One of the people who presided over the collapse was Representative Barney Frank, Chairman of the House Committee on Financial Services. Mr. Frank stood on the floor of the House of Representatives in 2005 and made a speech expressing the opinion that there was no need for concern about a possible housing bubble, and a year later he became Chairman of the House Committee on Financial Services. In 2003 and 2006 Representative Frank led efforts to block the reform and regulation of Fannie-Mae and Freddie-Mac. These two government entities were buying up these loans , and then selling them as investment on the open market. He claimed there was nothing to worry about in the housing market. He and Senator Shumer have fought any attempt to regulate Fannie-Mae and Freddie-Mac even though the level of impropriety at these two organizations has been enormous. These failures in judgment because of ideological beliefs have cost the United States taxpayer trillions of dollars, and the downturn in the housing market has destroyed capital that could have been used for investment and job creation.
The two organizations in question, Freddie Mac and Fannie Mae, are entities that should not exist according to a strict interpretation of the Constitution of the United States. They are government sponsored enterprises. This means these two entities are backed up by the good faith and credit of the United States. The United States government, therefore the taxpayer, is responsible for any financial losses these organizations produce. The Fannie Mae website states,
Fannie Mae is a government-sponsored enterprise (GSE) chartered by Congress with a mission to provide liquidity, stability and affordability to the U.S. housing and mortgage markets
Fannie Mae operates in the U.S. secondary mortgage market. Rather than making home loans directly to consumers, we work with mortgage bankers, brokers and other primary mortgage market partners to help ensure they have funds to lend to home buyers at affordable rates. We fund our mortgage investments primarily by issuing debt securities in the domestic and international capital markets (About Us, para. 1).
As the Fannie-Mae website states, This organization is responsible for the securitization of Mortgages. Freddie Mac is the same type of entity with the same charter as Fannie-Mae(Freddie Mac, 2010). These two organizations are the only Fortune 500 companies to be exempt from regulation (Berlau, 2010), and it is documented that the executives at Freddie-Mac were caught altering the books in 2003 to provide for large bonus payouts to the executives of Freddie-Mac by hiding losses.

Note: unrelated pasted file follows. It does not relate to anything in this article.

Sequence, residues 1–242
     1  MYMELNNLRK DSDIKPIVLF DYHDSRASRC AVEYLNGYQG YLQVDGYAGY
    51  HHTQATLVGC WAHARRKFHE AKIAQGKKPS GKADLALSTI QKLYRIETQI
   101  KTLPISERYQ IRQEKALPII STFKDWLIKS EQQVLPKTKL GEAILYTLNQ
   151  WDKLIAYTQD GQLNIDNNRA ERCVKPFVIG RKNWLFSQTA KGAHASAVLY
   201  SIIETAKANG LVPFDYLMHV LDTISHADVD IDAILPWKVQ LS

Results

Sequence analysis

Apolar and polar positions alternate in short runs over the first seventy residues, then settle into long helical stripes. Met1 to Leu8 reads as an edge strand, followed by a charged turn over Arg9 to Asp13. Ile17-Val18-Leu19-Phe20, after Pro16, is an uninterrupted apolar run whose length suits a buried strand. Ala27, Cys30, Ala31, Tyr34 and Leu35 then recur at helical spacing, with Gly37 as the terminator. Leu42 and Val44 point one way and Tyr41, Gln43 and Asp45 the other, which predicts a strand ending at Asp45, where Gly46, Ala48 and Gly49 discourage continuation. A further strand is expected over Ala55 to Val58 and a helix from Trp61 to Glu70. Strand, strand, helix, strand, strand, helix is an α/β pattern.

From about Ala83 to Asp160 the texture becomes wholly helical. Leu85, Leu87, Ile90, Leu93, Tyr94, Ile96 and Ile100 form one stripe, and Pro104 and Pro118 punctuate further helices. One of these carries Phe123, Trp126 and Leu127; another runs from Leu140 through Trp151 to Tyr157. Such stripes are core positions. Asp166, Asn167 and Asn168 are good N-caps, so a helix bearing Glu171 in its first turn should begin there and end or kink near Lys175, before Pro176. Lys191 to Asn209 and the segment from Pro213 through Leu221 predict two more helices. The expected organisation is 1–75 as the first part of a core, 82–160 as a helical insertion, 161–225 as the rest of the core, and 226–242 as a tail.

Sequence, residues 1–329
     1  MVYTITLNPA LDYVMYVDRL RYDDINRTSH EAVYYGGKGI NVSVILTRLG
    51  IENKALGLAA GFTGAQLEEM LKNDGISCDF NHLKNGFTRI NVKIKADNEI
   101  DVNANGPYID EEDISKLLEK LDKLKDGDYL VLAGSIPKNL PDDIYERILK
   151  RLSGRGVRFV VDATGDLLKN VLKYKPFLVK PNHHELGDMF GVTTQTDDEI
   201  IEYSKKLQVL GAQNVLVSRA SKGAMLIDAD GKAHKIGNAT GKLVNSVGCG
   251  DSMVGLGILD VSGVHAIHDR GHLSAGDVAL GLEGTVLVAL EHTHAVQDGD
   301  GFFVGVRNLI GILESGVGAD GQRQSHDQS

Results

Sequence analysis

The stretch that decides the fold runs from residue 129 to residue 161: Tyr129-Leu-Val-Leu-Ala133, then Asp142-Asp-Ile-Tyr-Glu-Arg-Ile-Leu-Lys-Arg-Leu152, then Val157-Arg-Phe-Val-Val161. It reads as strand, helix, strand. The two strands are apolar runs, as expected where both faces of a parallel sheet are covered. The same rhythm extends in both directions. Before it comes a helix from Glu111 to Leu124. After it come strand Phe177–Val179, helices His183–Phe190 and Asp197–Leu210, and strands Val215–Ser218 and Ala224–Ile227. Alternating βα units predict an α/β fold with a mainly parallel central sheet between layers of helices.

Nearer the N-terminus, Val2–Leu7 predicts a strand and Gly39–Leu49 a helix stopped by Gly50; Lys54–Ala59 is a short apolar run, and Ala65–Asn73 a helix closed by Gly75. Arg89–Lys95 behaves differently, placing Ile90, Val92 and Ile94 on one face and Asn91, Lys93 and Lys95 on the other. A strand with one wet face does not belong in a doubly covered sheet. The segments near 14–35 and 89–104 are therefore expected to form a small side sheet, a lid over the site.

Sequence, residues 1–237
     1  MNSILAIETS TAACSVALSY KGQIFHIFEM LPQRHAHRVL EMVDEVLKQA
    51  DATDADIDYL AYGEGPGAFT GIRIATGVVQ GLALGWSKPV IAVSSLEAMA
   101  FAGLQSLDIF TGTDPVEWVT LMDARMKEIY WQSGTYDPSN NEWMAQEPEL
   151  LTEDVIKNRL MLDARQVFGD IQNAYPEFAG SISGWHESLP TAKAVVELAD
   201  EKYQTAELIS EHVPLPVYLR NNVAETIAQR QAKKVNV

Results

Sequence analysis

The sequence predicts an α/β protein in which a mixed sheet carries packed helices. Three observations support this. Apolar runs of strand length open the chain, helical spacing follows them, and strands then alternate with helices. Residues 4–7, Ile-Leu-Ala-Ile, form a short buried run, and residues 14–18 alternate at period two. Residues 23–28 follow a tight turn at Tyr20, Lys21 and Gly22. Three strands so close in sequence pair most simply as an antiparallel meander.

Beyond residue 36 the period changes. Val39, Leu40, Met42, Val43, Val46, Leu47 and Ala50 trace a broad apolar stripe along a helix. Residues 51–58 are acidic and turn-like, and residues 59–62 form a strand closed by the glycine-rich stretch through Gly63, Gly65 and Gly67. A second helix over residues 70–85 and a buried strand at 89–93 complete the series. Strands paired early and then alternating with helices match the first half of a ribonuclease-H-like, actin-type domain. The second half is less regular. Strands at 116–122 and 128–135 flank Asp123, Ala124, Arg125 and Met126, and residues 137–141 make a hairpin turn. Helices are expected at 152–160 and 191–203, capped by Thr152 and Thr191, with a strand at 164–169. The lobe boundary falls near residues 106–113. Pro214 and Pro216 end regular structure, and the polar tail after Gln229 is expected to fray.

The sub-prime crisis alone did not cause the recession. The loss of confidence by investors and the consumer were also a factor. The investors pulled money out of the market, and the consumer stopped spending because they did not know what was on the horizon. Lack of demand and uncertainty caused Companies to began letting workers go to keep up profitability and maintain their book value. This created high unemployment. The pullback caused a snowball affect that almost destroyed the economy.
It is uncanny that the United States government continues to support sub-prime lending, and keeps funding the financial ineptitude of Fanni Mae and Freddi Mac. The United States government is the largest loan guarantor in the world. The only reasonable choice is to stop guaranteeing these bad loans and allow the market to correct itself to avoid future crises. As the market normalizes housing prices will stabilize and slowly increase to a true market value, eliminating the bubble.
Berlau, J. (2010). Mortgage Giants May be in Trouble. Bnet, CBS Business Network, CBS News. Retrieved from http://findarticles.com/p/articles/mi_m1571/is_2003_July_8/ai_104842029/
Calvin, B., Board, M., & National People`s, A. (n.d). Community Reinvestment Act. FDCH Congressional Testimony, Retrieved from Masterfile Premier database.
Fannie Mae. (2010). Fanniemae.com. Retrieved from http://www.fanniemae.com/kb/index? page=home&c=aboutus
FDIC: Federal Deposit Insurance Corporation. (2010). FDIC: Federal Deposit Insurance Corporation. Retrieved from http://www.fdic.gov/index.htm.
Flynn, S. (2008). Community Reinvestment. (p. 1). Great Neck Publishing. Retrieved from Research Starters - Business database.
Freddie Mac. (2010). Our Mission - Freddie Mac. Retrieved from http://www.freddiemac.com/corporate/company_profile/our_mission/index.html
Gutierrez, L. G., Chair, & Subcommittee on Financial Institutions and Consumer, C. (n.d). Community Reinvestment Act. FDCH Congressional Testimony, Retrieved from Masterfile Premier database.
House Committee on Financial services. (2010). House Financial Services Committee. Retrieved from http://financialservices.house.gov/index.shtml.